Born in 1989 near Birmingham, Alabama, Allison Crutchfield and Katie Crutchfield are identical twins. The twins started their first rock band, the Ackleys, while in high school. Katie sang lead and played guitar; Allison started on drums and switched to keyboard. The band recorded an album and performed live for three years, until they entered colleges in different cities. The sisters later began a punk band, P. S. Eliot, releasing two albums and two EPs. The twins moved to Brooklyn together for a while, but recently relocated to a three-story row house in West Philadelphia, sharing a house and basement rehearsal space among seven musicians. The twins are now in separate bands, however; Allison is in Swearin’ and Katie is Waxahatchee.
Waxahatchee headlined the Bowery Ballroom tonight, where the guitar-bass-drums trio was the format chosen to exhibit Katie Crutchfield’s story-songs, primarily from Waxahatchee’s two low-key albums, 2012’s American Weekend, and 2013’s Cerulean Salt. She is an indie singer-songwriter, and the rhythm section was there to give her songs a punch where needed. Unlike her sister’s more rocking set, which graced the same stage two weeks ago, Katie’s songs were more sensitive and turbulent. For a 24-year-old singer-songwriter, Katie Crutchfield or Waxahatchee has many lyrical expressions. She sang these reflections with a hopelessly struggling-for-mercy persona, a vocal delivery so sensitive that it sounded like she would break and so unrefined that it could only be classified as indie, not traditional. She often accompanied herself solely with her loudly twanging electric guitar, and even when she used her backing musicians, they did not always play through an entire song. This sparse approach was endearingly novel, bringing in volume and intensity to emphasize the songs’ introductions, bridges and choruses. Caution, please: a close listening can make you feel naked..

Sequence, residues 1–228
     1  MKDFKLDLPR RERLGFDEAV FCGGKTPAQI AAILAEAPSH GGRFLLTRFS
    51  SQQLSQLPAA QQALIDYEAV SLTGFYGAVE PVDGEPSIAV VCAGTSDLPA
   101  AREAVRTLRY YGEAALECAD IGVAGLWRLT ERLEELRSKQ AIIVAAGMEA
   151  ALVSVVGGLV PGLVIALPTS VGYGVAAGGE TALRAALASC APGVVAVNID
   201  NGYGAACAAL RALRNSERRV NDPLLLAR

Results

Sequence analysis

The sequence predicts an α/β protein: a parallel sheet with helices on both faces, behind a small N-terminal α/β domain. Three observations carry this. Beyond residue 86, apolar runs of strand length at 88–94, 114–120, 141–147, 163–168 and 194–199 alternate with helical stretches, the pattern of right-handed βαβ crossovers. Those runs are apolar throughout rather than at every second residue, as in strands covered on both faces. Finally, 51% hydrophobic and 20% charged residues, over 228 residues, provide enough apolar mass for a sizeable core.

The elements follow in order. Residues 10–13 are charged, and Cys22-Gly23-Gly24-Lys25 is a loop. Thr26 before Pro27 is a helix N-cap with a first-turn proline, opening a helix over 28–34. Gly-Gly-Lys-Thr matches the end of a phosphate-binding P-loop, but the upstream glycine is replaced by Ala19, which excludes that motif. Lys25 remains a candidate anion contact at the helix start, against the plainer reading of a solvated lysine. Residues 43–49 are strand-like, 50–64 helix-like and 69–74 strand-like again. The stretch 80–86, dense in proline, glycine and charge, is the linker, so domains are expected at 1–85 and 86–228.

Visit Waxahatchee at http://waxahatchee.bandcamp.com.